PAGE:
The Drake equation is a probabilistic argument used to estimate the number of active, communicative extraterrestrial civilizations in the Milky Way galaxy. The idea is to express the number of such civilizations as a product of quantities in a manner that’s true by definition, but also such that one can talk somewhat more intelligently about estimating the individual factors than one can talk about directly estimating the number of active, communicative extraterrestrial civilizations. XKCD has poked fun at the Drake equation in at least two comics. Viewed as an exercise aimed at obtaining precise actionable estimates, the Drake equation is probably futile. But viewed as a way to start thinking about the problem, it is arguably useful. The main reason it’s bad for estimation is that the multiplicative nature of the model means that the huge uncertainty in measurement for each of the factors is also multiplicative, leading to a gigantic uncertainty in the overall estimation.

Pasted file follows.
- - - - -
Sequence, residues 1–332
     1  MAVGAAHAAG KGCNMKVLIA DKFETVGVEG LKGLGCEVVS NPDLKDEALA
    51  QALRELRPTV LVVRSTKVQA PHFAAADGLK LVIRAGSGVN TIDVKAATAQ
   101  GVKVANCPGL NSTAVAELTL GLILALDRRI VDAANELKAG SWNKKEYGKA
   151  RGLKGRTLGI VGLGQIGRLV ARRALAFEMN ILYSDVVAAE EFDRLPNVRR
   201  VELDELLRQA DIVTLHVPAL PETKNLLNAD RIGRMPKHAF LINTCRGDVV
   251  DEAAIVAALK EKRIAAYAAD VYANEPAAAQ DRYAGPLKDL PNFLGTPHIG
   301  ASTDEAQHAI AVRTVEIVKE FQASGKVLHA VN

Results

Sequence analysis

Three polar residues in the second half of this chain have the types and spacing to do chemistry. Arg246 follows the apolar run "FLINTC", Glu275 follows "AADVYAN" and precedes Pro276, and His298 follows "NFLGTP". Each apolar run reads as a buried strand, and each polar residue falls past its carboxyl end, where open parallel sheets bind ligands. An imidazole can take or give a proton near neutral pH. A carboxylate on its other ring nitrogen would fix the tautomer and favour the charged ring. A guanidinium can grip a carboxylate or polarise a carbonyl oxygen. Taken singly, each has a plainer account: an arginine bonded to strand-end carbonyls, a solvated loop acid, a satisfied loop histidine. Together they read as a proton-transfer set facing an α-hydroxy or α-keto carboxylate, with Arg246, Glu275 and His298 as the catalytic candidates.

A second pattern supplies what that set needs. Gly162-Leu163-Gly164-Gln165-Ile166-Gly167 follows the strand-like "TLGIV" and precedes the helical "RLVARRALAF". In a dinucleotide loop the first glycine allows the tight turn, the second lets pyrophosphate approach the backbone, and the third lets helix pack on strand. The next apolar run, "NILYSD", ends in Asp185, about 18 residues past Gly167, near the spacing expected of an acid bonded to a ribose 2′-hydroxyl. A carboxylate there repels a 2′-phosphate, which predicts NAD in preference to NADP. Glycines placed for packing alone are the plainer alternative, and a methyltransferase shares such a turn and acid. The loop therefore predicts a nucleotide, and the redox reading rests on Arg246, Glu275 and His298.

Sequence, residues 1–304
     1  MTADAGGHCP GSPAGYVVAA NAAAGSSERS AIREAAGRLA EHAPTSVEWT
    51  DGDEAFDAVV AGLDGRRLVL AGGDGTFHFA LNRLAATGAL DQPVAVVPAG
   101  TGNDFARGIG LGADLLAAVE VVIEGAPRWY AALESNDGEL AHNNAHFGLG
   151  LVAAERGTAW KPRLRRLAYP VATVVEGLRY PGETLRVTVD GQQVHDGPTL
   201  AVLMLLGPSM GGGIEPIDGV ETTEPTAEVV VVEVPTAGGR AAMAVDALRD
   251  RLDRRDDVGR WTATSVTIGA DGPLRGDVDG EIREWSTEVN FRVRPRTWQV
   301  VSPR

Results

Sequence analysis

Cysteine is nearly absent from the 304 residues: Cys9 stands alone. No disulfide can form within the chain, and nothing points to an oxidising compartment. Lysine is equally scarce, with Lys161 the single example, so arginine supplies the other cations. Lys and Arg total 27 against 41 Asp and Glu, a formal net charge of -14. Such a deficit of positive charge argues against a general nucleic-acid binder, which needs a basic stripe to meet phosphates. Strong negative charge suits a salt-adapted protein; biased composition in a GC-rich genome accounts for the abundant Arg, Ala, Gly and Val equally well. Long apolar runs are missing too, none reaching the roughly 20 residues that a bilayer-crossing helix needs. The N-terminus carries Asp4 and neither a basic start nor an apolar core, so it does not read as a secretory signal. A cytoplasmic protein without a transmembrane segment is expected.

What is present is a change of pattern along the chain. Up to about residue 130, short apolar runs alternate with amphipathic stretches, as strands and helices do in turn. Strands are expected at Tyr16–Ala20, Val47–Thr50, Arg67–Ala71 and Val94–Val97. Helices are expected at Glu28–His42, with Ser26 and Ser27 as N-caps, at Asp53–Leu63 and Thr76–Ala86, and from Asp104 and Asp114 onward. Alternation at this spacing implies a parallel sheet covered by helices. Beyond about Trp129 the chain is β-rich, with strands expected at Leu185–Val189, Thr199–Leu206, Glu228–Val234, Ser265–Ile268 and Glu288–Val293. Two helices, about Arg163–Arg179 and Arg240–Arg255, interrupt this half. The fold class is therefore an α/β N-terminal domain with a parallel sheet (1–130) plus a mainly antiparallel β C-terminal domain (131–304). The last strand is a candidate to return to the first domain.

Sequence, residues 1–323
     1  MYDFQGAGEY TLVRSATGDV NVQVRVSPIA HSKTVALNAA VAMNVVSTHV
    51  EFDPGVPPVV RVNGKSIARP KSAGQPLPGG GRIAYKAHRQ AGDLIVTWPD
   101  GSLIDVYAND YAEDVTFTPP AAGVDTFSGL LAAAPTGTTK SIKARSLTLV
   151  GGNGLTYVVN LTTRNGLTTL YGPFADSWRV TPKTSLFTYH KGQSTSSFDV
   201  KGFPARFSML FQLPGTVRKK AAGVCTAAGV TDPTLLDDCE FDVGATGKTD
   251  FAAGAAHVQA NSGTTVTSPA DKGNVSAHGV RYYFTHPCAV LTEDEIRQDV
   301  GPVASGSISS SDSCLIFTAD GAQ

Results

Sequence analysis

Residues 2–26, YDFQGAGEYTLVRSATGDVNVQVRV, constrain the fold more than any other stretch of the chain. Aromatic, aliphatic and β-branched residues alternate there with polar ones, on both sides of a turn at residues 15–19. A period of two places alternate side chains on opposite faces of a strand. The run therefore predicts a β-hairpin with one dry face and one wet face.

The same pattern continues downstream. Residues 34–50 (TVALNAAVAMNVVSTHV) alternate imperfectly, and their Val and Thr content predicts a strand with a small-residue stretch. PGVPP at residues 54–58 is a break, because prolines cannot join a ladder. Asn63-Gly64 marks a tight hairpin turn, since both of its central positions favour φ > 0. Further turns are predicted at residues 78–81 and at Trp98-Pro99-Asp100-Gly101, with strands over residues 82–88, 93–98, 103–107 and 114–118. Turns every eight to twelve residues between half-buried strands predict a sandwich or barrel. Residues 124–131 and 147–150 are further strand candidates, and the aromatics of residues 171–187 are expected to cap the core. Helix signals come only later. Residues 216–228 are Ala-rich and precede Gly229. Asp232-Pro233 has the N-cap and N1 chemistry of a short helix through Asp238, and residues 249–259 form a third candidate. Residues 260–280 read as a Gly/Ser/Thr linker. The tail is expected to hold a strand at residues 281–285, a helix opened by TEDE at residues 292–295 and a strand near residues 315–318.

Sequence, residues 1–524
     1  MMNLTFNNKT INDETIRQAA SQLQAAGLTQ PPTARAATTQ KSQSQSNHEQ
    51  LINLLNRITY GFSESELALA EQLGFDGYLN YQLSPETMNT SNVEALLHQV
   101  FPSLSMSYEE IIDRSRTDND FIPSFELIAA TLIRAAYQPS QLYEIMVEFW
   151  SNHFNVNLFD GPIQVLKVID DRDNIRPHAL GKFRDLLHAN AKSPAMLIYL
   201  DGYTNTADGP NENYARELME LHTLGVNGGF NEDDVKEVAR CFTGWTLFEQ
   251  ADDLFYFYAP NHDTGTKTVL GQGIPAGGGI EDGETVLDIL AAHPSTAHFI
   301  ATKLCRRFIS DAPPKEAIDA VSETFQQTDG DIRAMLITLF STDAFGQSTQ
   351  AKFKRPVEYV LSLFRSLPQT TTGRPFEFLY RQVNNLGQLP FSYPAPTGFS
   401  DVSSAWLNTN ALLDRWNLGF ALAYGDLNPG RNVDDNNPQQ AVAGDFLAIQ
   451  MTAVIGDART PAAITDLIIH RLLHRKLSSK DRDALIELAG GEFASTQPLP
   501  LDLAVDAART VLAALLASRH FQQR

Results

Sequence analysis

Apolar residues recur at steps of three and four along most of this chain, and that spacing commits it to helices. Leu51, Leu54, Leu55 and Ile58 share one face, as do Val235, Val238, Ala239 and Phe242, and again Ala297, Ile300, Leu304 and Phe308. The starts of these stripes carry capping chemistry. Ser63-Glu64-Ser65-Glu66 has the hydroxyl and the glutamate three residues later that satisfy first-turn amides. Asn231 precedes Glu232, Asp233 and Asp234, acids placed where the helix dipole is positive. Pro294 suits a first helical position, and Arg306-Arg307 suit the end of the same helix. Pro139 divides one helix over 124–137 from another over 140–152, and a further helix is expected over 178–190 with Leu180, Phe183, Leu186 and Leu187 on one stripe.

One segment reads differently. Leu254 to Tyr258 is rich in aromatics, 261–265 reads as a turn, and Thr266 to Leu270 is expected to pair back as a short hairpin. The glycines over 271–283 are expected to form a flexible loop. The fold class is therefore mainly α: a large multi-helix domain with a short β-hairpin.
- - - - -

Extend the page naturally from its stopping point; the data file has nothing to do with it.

Here’s my Drake-like attempt:

$latex \text{Utility of a particular form of open borders advocacy} = Wxyz$

Here:

- $latex W$ is the naive estimate of the gains from complete open borders (using, for instance, the double world GDP ballpark).
- $latex x$ is a fudge factor to represent the idea that “things rarely turn out as well as we expect them to.” If we set $latex x = 0.1$, for instance, that’s tantamount to saying that, due to all the numerous problems that our naive models fail to account for, the actual gains from open borders would be only 10% of the advertised gains. The product so far, namely $latex Wx$, describes what we
*really*expect the gains from open borders to be. - $latex y$ is the fraction to which the world can realistically move in the direction of open borders. The product $latex Wxy$ is total expected gain from however far one can realistically move in the open borders direction.